Although the gastrointestinal tract is the primary target of bariatric surgery, its contributions to the metabolic changes observed after surgery are still underestimated. Changes in the number of incretin-producing cells could result in the modified hormonal response seen after surgery. Additionally, the rate of absorption and consumption of glucose could contribute to the ameliorated glycaemia. Moreover, decreased intestinal permeability could prevent endotoxemia.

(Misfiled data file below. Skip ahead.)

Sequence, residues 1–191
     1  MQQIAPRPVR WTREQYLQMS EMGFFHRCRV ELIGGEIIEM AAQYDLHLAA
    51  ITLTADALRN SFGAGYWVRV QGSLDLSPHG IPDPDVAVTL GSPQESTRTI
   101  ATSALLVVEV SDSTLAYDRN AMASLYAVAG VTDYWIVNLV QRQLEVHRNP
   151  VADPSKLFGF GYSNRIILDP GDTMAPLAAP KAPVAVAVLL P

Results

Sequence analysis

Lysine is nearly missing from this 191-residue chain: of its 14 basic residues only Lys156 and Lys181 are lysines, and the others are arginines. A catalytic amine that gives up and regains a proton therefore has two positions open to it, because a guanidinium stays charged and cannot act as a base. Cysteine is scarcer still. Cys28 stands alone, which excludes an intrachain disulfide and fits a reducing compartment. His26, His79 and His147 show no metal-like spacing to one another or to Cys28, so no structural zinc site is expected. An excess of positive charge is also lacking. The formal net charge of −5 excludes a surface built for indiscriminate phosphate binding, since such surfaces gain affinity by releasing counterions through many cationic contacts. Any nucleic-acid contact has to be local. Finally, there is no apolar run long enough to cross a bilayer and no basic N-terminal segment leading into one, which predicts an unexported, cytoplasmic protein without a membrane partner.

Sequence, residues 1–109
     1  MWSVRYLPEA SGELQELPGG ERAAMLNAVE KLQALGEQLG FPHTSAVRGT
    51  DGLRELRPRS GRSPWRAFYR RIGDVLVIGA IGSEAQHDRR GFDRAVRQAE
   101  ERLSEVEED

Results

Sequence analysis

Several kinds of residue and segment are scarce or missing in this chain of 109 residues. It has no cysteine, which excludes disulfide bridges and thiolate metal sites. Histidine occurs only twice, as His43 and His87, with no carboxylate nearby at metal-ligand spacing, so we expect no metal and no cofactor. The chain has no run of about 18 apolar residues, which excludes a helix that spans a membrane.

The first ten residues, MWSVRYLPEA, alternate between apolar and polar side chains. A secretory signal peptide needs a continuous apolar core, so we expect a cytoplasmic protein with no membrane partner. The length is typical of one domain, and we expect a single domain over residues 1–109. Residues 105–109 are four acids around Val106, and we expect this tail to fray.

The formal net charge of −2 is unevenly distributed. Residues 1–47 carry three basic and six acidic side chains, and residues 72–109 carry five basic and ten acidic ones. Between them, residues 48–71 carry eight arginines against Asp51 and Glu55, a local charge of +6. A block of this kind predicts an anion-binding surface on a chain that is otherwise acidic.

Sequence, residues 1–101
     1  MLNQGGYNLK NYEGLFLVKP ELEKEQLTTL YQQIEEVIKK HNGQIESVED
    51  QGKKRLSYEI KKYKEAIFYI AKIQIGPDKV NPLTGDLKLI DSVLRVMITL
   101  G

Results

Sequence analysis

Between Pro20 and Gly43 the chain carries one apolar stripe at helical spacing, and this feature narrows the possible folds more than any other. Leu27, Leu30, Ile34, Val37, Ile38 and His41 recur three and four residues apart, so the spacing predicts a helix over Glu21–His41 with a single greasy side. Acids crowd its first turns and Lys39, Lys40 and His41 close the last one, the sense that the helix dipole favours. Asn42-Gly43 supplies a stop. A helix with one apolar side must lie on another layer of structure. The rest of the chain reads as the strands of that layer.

Recently, numerous studies have focused on intestinal adaptation following bariatric surgeries. These studies bring new insight into the different roles the GI tract plays in the metabolic outcomes of bariatric surgery and open new avenues for therapeutic treatments.